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I am reading the code of someone who built a domain crawler method using ruby. I am new to the concept of recursion and can not wrap my head on how to read their code.


def crawl_domain(url, page_limit = 100)
  return if @already_visited.size == page_limit                # [1]
  url_object = open_url(url)
  return if url_object == nil                                  # [2]
  parsed_url = parse_url(url_object)
  return if parsed_url == nil                                  # [3]
  @already_visited[url]=true if @already_visited[url] == nil
  page_urls = find_urls_on_page(parsed_url, url)
  page_urls.each do |page_url|
    if urls_on_same_domain?(url, page_url) and @already_visited[page_url] == nil


  1. What do the combination of consecutive return statements mean?
  2. At line [1], if @already_visited's size is NOT the same as page_limit does the program break out of the crawl_domain method and skips the rest of the code?
  3. if @already_visited's size is the same as page_limit, does it move on to the next return statement after it sets url_object = open_url(url)

Thanks for any help in advance!

Source: http://www.skorks.com/2009/07/how-to-write-a-web-crawler-in-ruby/

share|improve this question
Don't ask the same question twice... – squiguy Apr 1 '13 at 3:24
I don't think it is.. it is different code and a different concept I am having trouble understanding. If you still feel it's the same then I'll try to add it to my previous question on if statements – andy4thehuynh Apr 1 '13 at 3:25

Confused by recursion? Read this book:


You'll be a better programmer and you'll recurse a blue streak forever after.

share|improve this answer
+1 for Structure and Interpretation of Computer Programs – dbenhur Apr 1 '13 at 3:53

Forget the web crawler. Consider how to use recursion to add the numbers constituting an array:

arr = [1, 2, 3, 4]
def sum(array)
  # ??
puts sum(arr) #=> 10, please

Pretend that the problem is already solved. (All recursion depends on pretending this.) Then sum([1, 2, 3, 4]) is 1 + sum([2, 3, 4]), and in general sum for any array is the first element plus sum for the remainder of the array. In ruby, the method that splits an array into its first and its remainder is shift; calling shift returns the first element of the array and removes it from the array. So we may write:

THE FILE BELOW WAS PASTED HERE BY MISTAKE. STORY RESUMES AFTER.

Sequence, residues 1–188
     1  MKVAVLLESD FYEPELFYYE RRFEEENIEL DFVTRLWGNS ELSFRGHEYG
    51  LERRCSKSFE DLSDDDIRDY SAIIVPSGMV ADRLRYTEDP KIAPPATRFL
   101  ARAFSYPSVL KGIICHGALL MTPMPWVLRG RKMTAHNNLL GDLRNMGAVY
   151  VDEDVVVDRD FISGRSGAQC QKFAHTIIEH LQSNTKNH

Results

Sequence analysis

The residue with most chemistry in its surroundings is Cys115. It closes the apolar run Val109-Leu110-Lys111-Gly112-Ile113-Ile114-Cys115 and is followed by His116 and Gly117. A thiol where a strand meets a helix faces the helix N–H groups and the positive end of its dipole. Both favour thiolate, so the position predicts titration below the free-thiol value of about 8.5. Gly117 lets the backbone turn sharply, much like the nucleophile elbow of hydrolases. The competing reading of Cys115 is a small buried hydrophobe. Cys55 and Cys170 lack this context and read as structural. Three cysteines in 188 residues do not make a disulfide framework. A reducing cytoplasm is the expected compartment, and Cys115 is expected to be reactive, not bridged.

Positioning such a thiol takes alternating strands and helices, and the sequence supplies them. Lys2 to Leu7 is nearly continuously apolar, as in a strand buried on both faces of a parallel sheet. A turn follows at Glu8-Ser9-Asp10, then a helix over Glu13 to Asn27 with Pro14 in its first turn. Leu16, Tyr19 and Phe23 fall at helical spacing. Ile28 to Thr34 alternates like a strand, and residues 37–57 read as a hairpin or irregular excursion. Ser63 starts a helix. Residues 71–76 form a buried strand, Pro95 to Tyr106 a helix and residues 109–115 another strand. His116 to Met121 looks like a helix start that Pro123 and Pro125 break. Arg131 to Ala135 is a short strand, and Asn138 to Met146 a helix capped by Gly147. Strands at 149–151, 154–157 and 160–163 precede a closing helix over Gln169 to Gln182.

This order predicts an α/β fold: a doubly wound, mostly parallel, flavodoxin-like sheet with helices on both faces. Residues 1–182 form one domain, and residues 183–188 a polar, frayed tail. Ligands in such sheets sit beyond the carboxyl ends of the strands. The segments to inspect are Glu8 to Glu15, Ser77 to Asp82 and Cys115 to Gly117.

arr = [1, 2, 3, 4]
def sum(array)
  return array.shift + sum(array)
puts sum(arr)

Behold, a recursive solution! However, there's a problem: we recurse forever (or, at least, until some sort of error is encountered). It is crucial in all recursions to put in a "stop" of some sort in the degenerate case before recursing. What is that degenerate case in our situation? It's when the array is empty! (Which it eventually will be, since every sum call removes an element from the array.) For an empty array, obviously the sum is zero. So:

arr = [1, 2, 3, 4]
def sum(array)
  return 0 unless array.length > 0
  return array.shift + sum(array)
puts sum(arr)

The end.

Your web crawler is similar. We will recurse to crawl each sublevel of the current page, but first we have some "stops" (the return statements) to prevent banging into an error situation in various degenerate cases. (In the case of the web crawler, there is no need to check for whether the current page actually has sublevels, because if it doesn't, each will do nothing and we won't recurse.)

share|improve this answer
Very good presentation! :) – Arup Rakshit Apr 1 '13 at 6:21
@matt That was awesome! Great explanation. So the return statements act as a base case correct? – andy4thehuynh Apr 1 '13 at 6:31

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